Therefore, I can only conclude that there is no way to win based on any set of rules, and thus no way to play the game wrong.

If there is a way to win, I would love to hear it.

Feature said...

Thanks, this post helps me understand where you draw the line.

Here's a question though: Do you consider all activities that are done purely for fun and not to better yourself as useless/moronic?

For Example:
- Watching a basketball game
- Watching TV
- Reading a comic book
- Going to the opera

Does this change if you have some other reason to do this activity, for example watching a basketball game because you're an ammateur player and can appreciate the skills of the pro's.

Anonymous said...

You and other PuG'ers don't play professionally, you're nowhere near 'top of the game', your achievements are essentially worthless compared to the Paragons and the Ensidias of the world, who actually get paid to play.

This is a dumb and uninformed comment. It puzzles me why so many people who don't even understand what and how raiding at the top is keep making the assumption that Paragon and/or Ensidia get paid to play.

Spoiler: They don't.

Anonymous said...

First, the following link illustrates the real reason WOW players are not treated with respect.
My wife was one of the cool kids beating up nerds in the day. (Before she discovered a love for comics/anime.)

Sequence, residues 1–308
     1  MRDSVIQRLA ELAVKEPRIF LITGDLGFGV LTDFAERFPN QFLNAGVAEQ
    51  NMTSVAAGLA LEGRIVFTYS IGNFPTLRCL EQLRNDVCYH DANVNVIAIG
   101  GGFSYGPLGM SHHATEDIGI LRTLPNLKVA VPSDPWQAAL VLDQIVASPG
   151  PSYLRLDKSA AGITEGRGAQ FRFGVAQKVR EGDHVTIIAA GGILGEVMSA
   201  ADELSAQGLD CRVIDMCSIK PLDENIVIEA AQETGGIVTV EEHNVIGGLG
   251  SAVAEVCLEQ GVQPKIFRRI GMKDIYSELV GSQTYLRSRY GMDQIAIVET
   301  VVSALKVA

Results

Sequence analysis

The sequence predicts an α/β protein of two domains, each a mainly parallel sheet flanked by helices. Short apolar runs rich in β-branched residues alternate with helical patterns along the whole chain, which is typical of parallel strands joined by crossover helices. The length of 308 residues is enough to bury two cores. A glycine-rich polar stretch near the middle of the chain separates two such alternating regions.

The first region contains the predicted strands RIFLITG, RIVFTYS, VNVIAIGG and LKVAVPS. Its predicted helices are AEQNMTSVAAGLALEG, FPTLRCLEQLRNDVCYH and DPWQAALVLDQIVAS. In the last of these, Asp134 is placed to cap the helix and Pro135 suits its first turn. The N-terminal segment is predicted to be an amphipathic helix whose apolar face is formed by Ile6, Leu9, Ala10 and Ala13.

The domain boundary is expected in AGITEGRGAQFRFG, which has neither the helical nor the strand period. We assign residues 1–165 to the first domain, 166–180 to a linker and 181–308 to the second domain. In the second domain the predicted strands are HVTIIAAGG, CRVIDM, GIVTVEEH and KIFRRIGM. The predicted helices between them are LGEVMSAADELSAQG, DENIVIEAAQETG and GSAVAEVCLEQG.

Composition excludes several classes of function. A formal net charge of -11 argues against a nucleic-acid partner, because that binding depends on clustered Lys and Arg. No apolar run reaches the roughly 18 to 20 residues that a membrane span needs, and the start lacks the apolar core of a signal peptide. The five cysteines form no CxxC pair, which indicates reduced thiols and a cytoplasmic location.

Second, PvE WOW does not have a good casual metric because any metric excluding completion date runs into the 'time-dependent nerfing' issue. That metric is decidedly hardcore.

Finally, in my book, different playstyles are acceptable as long as they result on 'net fun'. For example, wiping gloriously on a raid boss without reading strategies is long as everyone's agreed that they prefer the challenge.
However, wiping a pug because you can't be troubled to run a dungeon in normal mode first or do way too little dps to finish the dungeon without boosting...that isn't cool...the other 4 people probably didn't sign up for that. (Only probably...I actually preferred healing #$%up groups in BC and WOTLK. My favorite run involved healing and finishing heroic Sethekk with a tank who was (a) undergeared and (b) completely unable to hold multi-target aggro.)

There's actually a reasonable argument that 'maxing achievement points' is the only correct way to play/win WOW. After all, Blizzard's been kind enough to implement a scoring system.

Following that argument, failing to collect pets is M&S behavior. (heh)

Anonymous said...

Although...RNG pet way way too dull for me. I think those people are just doing a cheaper version of 'granny at the slot machine'.

alce mark said...

Excellent analogies, Totally agree with this post.